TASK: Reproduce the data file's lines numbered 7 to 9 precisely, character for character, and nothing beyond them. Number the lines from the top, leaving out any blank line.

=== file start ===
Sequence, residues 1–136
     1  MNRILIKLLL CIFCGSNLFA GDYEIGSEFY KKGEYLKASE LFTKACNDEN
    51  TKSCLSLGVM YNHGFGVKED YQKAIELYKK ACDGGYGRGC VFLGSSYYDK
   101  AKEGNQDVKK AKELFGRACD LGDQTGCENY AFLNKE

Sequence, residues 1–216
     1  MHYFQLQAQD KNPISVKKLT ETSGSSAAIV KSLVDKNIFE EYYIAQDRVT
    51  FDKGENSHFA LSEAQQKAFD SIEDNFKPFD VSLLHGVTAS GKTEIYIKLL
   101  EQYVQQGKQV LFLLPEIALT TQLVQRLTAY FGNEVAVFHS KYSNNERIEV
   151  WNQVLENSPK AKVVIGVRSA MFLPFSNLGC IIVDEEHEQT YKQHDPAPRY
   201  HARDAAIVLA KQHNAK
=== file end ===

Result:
    51  FDKGENSHFA LSEAQQKAFD SIEDNFKPFD VSLLHGVTAS GKTEIYIKLL
   101  EQYVQQGKQV LFLLPEIALT TQLVQRLTAY FGNEVAVFHS KYSNNERIEV
   151  WNQVLENSPK AKVVIGVRSA MFLPFSNLGC IIVDEEHEQT YKQHDPAPRY